One of Côte d'Ivoire most important primary rainforests is to be cleared by
global consumer product company Unilever and others, despite Unilever's recent
promises to buy only "sustainable" palm oil from lands not cleared of
rainforests for their production. Tanoé Swamps Forest in Côte d'Ivoire (Ivory Coast) is one of the last remaining old growth forests in the country and the
last refuge for three highly endangered primates -- the Miss Waldron's Red Colobus,
the Geoffroy's colobus and the Diana roloway -- as well as home to many
endangered plant species.
Tanoé Forest is thought to contain the last remaining population of
Piliocolobus waldronae (known as Miss Waldron's Red
Colobus). This is a species formerly widespread in Côte
d'Ivoire and Ghana, but hunted to extinction over most of
its range and declared extinct in 1998; yet a freshly shot
specimen was found, in the early 2000s, having been hunted
in the Tanoé Forest. If Unilever goes ahead with this
project, it may be the first time in history that any company has deliberately profited from the extinction of a species.
Despite international protests, the palm oil company PALM-CI has just begun destroying
this 6,000 hectare forest to convert it to oil palm plantations. They are currently building drainage systems at the
periphery and, once the rainy season is over, they intend to clearcut all of the
forest. If the forest is destroyed, the three primate species as well as many
plant species will almost certainly become globally extinct. Large amounts of
carbon dioxide will be released from the carbon-rich swamp forests.
Unilever -- one of the world's leading food and personal care consumer brands --
is one of the main companies behind PALM-CI and the destruction of the Tanoé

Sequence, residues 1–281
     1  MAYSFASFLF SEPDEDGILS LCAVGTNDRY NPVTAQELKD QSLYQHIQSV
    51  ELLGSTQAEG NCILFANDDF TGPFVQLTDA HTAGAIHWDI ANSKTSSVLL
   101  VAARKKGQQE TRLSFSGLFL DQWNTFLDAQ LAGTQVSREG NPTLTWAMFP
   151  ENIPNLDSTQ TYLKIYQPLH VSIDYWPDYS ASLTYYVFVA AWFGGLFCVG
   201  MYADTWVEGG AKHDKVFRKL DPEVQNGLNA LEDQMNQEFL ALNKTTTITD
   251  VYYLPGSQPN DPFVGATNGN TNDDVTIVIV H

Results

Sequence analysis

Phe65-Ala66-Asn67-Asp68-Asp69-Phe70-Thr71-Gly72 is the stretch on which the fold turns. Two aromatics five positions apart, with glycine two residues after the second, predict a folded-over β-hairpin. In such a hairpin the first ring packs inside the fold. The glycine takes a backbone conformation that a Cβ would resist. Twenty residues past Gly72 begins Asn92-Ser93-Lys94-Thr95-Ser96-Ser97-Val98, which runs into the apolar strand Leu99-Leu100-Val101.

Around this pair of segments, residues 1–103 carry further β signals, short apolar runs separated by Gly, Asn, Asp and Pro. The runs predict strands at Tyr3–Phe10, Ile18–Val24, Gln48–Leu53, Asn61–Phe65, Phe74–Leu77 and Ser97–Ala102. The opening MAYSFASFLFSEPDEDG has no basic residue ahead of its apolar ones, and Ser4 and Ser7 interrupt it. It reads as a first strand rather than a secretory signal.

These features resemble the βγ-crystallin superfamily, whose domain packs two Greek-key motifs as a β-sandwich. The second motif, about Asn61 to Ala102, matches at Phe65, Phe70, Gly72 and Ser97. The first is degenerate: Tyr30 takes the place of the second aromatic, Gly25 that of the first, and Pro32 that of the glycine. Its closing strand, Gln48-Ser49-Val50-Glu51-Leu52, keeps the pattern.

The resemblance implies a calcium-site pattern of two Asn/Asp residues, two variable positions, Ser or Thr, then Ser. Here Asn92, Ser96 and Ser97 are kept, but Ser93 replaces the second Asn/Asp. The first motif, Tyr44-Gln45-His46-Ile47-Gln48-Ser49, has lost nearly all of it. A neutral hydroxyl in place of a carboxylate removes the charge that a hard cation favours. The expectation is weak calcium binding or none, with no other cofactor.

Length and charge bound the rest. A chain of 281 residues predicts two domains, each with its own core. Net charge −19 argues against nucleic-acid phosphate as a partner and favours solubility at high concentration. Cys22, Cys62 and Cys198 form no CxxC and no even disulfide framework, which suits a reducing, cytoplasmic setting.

Swamps Forest. They have been a long-term investor in PALM-CI and are
represented on the company's board. They are stakeholders in a joint venture,
Newco, which is the main customer of PALM-CI. Unilever publicly presents
themselves as a 'responsible' palm oil company, being chair of the Roundtable
for Sustainable Palm Oil (RSPO). They have recently publicly told Greenpeace
that they will support a moratorium on rainforest and peatland destruction in
Indonesia, and intend to only buy palm oil certified as sustainable. Apparently
Africa's rainforests are less important than Indonesia.
Despite years of
membership in the RSPO and proclamations about 'sustainability', they have not
so far stopped purchasing palm oil grown on deforested land, drained peatland,
or at the expense of communities and food production. Unilever continues to
profit from the expansion of palm oil monocultures, which is intrinsically
unsustainable, and "certified" palm oil is unsubstantiated greenwash.
Despite an international petition with around 8,000 signatures calling for the
protection of Tanoé Swamps Forest, they have so far done nothing to stop the
destruction. The government of Côte d'Ivoire has refused to protect the forest,
despite its high biodiversity, and against calls from many conservation NGOs.
Throughout West Africa only 3-4 million hectares of old-growth forest remain,
out of 50 million hectares a century ago, and deforestation has accelerated
since 2000. Deforestation has had disastrous impacts on communities, soil, water
and regional and global climate change.
Please take part in this email alert to
request that Unilever stop the destruction of Tanoé Swamps Forest and
immediately finance and implement a programme to undo the damage that PALM-CI
has caused in recent weeks. After sending the first protest email, you will be
forwared to a second protest email asking the government of Côte d'Ivoire to
ensure that the forest and the communities that depend on it are fully
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Species extinction is too high of price to pay for Unilever's oil palm rich consumer products
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